Posts Tagged by Henry George
|October 5, 2014||Posted by Staff under Good Press|
How’d you like to pay your community, not landlords or banks, for the land under your home? It’d improve equity and efficiency.
|September 7, 2014||Posted by Fred E. Foldvary, PhD under Editorials|
Self-interest blinds just about everybody to how greatly sharing natural rents benefits each and everyone of us.
|September 1, 2014||Posted by Jeffery J. Smith under Editorials|
Labor Day became an official holiday during the administration of President Wilson and under Labor Secretary Post, a Single Taxer.
|July 21, 2014||Posted by Staff under Good Press|
Kinsley wrote intelligently for the LA Times and Slate and New Republic and hosted Crossfire.
|June 12, 2014||Posted by Staff under Good Press|
The Guardian’s George Monbiot slams his Labour Party for rejecting a tax on land value and caving in to conservatives.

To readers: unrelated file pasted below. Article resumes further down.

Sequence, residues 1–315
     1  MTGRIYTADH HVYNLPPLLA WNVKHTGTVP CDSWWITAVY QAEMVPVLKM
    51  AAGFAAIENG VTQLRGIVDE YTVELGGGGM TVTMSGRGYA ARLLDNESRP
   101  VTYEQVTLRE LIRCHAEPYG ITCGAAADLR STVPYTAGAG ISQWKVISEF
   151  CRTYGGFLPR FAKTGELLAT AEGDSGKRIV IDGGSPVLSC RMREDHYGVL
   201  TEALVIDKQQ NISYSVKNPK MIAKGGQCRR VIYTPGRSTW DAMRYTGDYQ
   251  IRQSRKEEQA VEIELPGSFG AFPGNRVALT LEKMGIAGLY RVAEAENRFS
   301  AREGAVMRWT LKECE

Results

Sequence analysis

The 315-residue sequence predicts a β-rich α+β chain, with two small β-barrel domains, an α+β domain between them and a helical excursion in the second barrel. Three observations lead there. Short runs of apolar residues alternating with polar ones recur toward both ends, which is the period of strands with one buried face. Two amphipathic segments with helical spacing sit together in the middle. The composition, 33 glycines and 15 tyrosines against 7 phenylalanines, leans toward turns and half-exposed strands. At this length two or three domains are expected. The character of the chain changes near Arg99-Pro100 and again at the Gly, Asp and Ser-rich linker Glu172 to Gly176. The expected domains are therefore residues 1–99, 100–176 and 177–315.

|June 9, 2014||Posted by Staff under Good Press|
Piketty uses data, however reliable, to show capitalism must worsen inequality. The solution is older than his numbers.
|May 22, 2014||Posted by Staff under Good Press|
Thomas Piketty is all the rage now but still has a long way to go before he can touch the impact of 19th c. hero Henry George.
|April 1, 2014||Posted by Scott Baker under Financial|
Here’s what’s happened to the money that millions use, told from the POV of one who understands the role of land in our affairs.
|March 13, 2014||Posted by Staff under Good Press|
Two more thoughtful voices call for a tax reform that’d totally shift the paradigm from taking to sharing what’s ours.
|March 7, 2014||Posted by Staff under Good Press|
Readers of the business press Down Under get the goods on taxes and economics in clearly argued editorials.
|February 7, 2014||Posted by Staff under Good Press|
Landowners like home prices rising again, to sell at a profit, but wherever they buy the prices will be high there, too. How can spendy land aid us all?
|January 17, 2014||Posted by Staff under Good Press|
Frenchman Etienne Balibar suggests, given the elite’s tax avoidance, “no representation without taxation” is today more appropriate.